Exene Cervenka of X:
“The health care bill is just another in a long line of political disappointments. People in the U.S. are sick, suffering and dying, and the government hands out our money to the insurance companies instead of helping us. Of course, everyone in congress has health care, so maybe they don’t understand. Or maybe they are just selfish, sadistic and corrupt.”

Joseph Arthur:
“I feel sorry for people that need healthcare now, but it’s a start of the moral recovery of our country. At least a step in that direction. This issue seems to separate the loons from the nearly sane. Maybe it will kick off the revolution and maybe the revolution will be televised after all.”

Beth Tacular of Bowerbirds:
“I think that’s good they’re spreading it. I personally would rather there would be socialized health care like in France where you pay your taxes and they could tax things that are really bad for you, like cigarettes and alcohol and junk food, and then that’s how they could make money to pay for health care. I think that would be a better way to do it, to have it all socialized so you’re not paying some random company that’s making a big profit; your government would do it without making a profit. But this is a positive step. I’ve been afraid. I don’t have health insurance, so I’ve been afraid to go to the doctor, because if they find out I have cancer I won’t be able to get health insurance. So I’ve been waiting to go to the doctor until I can afford good health insurance.”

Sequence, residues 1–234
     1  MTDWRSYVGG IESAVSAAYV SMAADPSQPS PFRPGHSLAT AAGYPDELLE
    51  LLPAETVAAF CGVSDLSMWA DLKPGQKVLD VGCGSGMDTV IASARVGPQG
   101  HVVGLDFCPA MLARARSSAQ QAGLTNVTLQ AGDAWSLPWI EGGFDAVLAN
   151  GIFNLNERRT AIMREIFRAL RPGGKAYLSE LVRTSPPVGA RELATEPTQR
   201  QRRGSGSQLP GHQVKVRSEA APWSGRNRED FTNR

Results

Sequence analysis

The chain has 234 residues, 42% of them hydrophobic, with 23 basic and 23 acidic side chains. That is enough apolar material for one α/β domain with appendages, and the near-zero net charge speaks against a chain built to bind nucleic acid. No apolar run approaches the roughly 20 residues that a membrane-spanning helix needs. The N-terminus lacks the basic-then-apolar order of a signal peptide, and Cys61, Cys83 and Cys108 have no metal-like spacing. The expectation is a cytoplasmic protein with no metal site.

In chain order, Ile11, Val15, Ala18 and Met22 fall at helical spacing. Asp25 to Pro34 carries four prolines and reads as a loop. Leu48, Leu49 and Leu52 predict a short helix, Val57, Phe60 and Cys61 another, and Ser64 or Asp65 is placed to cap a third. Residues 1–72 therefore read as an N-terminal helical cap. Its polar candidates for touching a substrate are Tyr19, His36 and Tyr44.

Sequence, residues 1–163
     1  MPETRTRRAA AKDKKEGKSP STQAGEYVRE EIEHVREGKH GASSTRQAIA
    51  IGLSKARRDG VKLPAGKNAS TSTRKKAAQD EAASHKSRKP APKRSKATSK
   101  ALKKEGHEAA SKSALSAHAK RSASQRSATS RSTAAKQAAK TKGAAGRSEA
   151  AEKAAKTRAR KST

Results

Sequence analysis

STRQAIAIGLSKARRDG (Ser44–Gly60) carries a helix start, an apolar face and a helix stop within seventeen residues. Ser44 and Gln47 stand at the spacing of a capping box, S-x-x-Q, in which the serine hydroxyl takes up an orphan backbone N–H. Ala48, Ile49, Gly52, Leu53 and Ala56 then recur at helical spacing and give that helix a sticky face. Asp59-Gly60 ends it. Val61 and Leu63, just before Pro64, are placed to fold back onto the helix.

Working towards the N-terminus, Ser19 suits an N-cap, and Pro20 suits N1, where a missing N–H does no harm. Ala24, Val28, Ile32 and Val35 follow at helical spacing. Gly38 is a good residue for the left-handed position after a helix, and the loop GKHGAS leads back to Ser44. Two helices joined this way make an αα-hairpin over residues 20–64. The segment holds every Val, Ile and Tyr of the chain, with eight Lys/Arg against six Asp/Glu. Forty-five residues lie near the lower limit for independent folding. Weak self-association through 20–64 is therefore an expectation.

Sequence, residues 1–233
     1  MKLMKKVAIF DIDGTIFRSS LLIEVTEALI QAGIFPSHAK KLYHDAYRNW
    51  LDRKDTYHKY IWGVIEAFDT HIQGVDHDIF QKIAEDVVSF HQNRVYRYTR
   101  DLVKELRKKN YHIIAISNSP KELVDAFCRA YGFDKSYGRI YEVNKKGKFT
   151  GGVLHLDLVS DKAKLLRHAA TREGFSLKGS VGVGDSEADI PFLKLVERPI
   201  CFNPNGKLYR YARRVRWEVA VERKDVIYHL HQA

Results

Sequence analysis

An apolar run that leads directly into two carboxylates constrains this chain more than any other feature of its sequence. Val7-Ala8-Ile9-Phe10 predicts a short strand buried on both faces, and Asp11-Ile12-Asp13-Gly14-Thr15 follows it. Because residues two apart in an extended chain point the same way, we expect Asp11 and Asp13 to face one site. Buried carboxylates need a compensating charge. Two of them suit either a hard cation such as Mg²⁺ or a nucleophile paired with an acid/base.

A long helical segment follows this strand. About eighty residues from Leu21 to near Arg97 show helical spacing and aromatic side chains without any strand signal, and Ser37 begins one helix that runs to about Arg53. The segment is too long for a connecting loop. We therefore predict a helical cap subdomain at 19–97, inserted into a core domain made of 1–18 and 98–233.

Ben Knox Miller of The Low Anthem:
“I’ve been following this debate with unhealthy obsession. It’s a common-sense bill that protects basic human dignities. I am incensed with the scared republican obstructionists that have been fomenting idiocy rather than participating in building this landmark legislation. Shame on the media for lending credibility to their pathetic antics. Thankfully, they are on the wrong side of history. Kudos to Obama and Pelosi for sticking there necks out.”